"This Harbeth User Group (HUG) is the Manufacturer's own managed forum dedicated to natural sound from microphone to ear, achievable by recognising and controlling the numerous confounding variables that exist along the audio chain. The Harbeth designer's objective is to make loudspeakers that contribute little of themselves to the music passing through them.

Identifying system components for their sonic neutrality should logically proceed from the interpretation and analysis of their technical, objective performance, since deviations from a flat frequency response at any point along the signal chain from microphone to ear is likely to create an audible sonic personality in what you hear. That includes the contribution of the listening room itself. To accurately reproduce the recorded sound, as Harbeth speakers are designed to do, you would be advised to select system components (sources, electronics, cables and so on) that do not color the sound before it reaches the speakers.

For example, the design of and interaction between the hifi amplifier and its speaker load can and potentially will alter the sound balance of what you hear. This may or may not be what you wish to achieve, but on the face of it, any deviation from a flat response - and the frequency balance of tube amplifiers are usually influenced by their speaker load - is a step away from a truly neutral system. HUG has extensively discussed amplifiers and the methods for seeking the most objectively neutral amongst a plethora of available product choices.

HUG specialises in making complex technical matters simple to understand, aiding the identification of audio components likely to maintain a faithful relationship between the recorded sound and the sound you hear. With our heritage of natural sound and pragmatism, HUG cannot be expected to be a place to discuss the selection, approval or endorsement of non-Harbeth system elements selected, knowingly or not, to create a significantly personalised sound. For that you should do your own research and above all, make the effort to visit an Authorised Dealer and listen to your music at your loudness on your loudspeakers through the various offerings there. There is really no on-line substitute for time invested in a dealer's showroom because 'tuning' your system to taste is such a highly personal matter.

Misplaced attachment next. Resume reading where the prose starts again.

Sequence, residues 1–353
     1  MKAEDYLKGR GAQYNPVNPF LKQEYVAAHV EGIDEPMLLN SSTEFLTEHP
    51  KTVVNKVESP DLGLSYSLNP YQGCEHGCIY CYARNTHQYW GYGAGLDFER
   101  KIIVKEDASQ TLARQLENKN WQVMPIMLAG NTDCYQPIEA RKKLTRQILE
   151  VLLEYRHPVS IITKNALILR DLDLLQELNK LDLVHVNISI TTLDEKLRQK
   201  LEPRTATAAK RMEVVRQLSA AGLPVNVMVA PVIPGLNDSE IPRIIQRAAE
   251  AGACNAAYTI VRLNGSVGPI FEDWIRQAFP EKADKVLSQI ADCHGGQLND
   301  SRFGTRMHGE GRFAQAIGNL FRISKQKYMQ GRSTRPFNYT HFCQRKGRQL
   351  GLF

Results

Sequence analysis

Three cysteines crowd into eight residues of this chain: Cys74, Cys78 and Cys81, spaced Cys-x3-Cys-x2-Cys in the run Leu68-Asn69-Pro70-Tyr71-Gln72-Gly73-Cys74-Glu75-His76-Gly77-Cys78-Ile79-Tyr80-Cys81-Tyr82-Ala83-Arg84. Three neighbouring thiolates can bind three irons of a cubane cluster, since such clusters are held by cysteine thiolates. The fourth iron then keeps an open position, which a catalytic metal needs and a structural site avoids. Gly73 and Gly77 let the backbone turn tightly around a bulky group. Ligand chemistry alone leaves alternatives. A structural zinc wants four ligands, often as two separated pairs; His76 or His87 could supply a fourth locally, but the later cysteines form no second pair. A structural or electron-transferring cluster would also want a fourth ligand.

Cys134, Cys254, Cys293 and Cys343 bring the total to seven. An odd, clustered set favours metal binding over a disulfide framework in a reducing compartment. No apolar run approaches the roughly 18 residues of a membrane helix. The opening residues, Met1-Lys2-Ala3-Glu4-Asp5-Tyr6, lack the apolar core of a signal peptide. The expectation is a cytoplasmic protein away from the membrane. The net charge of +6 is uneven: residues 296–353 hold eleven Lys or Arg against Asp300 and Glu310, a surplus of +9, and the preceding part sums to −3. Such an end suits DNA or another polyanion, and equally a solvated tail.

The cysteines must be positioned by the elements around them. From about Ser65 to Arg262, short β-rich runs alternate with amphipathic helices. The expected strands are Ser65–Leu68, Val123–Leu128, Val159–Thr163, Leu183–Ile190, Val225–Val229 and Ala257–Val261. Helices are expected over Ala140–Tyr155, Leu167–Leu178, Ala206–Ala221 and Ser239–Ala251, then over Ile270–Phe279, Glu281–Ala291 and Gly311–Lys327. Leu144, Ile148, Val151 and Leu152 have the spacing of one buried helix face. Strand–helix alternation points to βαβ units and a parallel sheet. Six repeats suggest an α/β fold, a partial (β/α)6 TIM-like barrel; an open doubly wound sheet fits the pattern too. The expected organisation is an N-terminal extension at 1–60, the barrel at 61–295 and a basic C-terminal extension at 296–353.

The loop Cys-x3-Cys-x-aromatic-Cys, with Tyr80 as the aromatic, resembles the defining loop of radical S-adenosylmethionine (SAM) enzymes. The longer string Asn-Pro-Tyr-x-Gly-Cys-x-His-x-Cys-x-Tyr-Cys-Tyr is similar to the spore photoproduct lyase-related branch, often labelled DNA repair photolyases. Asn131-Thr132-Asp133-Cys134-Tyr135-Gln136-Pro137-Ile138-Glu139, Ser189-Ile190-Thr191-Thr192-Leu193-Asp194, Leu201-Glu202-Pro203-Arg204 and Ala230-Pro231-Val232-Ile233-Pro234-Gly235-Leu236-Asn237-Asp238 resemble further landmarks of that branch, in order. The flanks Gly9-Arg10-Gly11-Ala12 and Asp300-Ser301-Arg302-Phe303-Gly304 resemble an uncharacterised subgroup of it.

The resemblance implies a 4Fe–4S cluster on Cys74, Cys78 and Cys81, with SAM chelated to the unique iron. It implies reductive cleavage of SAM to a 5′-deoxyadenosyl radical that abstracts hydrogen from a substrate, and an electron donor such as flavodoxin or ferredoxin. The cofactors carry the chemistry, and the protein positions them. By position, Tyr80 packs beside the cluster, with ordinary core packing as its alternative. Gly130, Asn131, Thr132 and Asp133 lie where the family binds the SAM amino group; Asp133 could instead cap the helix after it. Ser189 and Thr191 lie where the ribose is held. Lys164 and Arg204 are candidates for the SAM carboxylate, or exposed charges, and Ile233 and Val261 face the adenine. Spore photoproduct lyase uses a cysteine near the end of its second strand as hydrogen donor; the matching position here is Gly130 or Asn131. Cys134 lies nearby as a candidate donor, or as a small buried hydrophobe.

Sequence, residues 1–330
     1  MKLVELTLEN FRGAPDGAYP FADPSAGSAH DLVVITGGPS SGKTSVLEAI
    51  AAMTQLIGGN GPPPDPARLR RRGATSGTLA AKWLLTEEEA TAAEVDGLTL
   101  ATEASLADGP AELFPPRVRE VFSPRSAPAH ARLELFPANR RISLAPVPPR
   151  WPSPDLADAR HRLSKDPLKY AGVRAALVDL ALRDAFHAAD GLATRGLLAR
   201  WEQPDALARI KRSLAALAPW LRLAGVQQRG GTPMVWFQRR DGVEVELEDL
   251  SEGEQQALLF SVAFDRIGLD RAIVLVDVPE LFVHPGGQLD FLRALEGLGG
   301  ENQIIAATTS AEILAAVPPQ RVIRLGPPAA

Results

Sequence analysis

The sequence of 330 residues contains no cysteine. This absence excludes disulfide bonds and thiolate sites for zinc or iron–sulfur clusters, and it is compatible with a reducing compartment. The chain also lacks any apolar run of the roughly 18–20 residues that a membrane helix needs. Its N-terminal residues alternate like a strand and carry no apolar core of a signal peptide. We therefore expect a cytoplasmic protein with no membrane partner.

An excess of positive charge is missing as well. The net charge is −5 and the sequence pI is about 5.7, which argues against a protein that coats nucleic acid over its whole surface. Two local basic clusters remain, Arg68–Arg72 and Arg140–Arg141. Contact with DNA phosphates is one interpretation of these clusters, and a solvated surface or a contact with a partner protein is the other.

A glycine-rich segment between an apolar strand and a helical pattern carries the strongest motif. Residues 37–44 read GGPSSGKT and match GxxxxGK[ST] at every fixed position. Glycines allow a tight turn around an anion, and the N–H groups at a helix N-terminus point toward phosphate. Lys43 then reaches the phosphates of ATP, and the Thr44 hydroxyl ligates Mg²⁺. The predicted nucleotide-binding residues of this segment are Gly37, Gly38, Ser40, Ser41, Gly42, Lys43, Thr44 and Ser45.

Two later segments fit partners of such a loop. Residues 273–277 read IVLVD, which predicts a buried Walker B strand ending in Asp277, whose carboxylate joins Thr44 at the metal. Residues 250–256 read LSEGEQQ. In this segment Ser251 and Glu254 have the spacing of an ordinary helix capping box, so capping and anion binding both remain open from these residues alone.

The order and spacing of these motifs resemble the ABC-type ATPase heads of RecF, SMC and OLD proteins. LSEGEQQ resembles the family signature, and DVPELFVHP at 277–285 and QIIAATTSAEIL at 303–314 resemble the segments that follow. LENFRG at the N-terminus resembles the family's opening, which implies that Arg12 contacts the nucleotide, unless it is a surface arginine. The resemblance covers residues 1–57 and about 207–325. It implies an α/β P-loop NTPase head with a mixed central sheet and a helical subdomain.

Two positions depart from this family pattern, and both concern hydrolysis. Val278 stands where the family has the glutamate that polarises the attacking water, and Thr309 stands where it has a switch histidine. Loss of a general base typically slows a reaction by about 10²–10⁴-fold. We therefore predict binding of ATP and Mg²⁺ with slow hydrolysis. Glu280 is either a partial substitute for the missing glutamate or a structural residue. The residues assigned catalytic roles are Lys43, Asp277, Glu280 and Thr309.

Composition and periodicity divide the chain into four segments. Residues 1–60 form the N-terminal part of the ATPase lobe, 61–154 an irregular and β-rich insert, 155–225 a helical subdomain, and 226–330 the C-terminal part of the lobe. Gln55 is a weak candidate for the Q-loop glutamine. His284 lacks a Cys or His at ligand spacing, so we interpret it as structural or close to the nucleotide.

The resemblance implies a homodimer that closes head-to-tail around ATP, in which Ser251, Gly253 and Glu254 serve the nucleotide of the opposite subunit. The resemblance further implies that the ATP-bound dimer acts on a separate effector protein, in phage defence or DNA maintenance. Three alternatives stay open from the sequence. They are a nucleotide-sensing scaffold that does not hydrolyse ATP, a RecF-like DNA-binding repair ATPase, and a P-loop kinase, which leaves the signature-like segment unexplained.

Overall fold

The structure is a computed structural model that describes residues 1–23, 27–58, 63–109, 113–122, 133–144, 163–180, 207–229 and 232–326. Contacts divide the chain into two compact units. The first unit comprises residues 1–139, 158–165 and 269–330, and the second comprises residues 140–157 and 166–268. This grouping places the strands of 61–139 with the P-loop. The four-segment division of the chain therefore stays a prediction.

Please consider carefully how much you should rely upon and be influenced by the subjective opinions of strangers. Their hearing acuity and taste will be different to yours, as will be their motives and budget, their listening distance, loudness and room treatment, not necessarily leading to appropriate equipment selection and listening satisfaction for you.

If faithfully reproducing the sound intended by the composer, score, conductor and musicians in your home and over Harbeth speakers is your audio dream, then understanding something of the issues likely to fulfill that intention is what this forum has been helping to do since 2006. Welcome!"

Feb. 2018
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The grovel thread.... learning and appying knowledge from HUG....

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  • The grovel thread.... learning and appying knowledge from HUG....

    Having fallen for SHL5+ immediately on their release, I bought them knowing my SET amp was not sufficiently powerful.

    I knew nothing about audio at the time. I am more interested in music and dance. I have followed the HUG since and am now slightly less ignorant. I can just about tell the difference between a valve and a capacitor (the former doubles up as Christmas decorations).